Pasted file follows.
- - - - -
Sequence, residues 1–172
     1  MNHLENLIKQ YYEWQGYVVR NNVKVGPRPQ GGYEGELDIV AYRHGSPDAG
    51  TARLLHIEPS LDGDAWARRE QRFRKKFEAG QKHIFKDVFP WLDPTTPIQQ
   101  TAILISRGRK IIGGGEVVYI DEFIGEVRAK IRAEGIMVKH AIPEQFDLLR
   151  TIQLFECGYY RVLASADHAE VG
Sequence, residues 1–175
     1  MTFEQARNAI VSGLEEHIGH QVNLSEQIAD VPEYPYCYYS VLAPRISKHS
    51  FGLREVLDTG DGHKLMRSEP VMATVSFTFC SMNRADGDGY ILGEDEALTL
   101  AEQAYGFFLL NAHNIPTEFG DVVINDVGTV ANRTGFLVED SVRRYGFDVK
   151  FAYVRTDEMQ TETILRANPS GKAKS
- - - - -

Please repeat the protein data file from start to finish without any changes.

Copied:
Sequence, residues 1–172
     1  MNHLENLIKQ YYEWQGYVVR NNVKVGPRPQ GGYEGELDIV AYRHGSPDAG
    51  TARLLHIEPS LDGDAWARRE QRFRKKFEAG QKHIFKDVFP WLDPTTPIQQ
   101  TAILISRGRK IIGGGEVVYI DEFIGEVRAK IRAEGIMVKH AIPEQFDLLR
   151  TIQLFECGYY RVLASADHAE VG
Sequence, residues 1–175
     1  MTFEQARNAI VSGLEEHIGH QVNLSEQIAD VPEYPYCYYS VLAPRISKHS
    51  FGLREVLDTG DGHKLMRSEP VMATVSFTFC SMNRADGDGY ILGEDEALTL
   101  AEQAYGFFLL NAHNIPTEFG DVVINDVGTV ANRTGFLVED SVRRYGFDVK
   151  FAYVRTDEMQ TETILRANPS GKAKS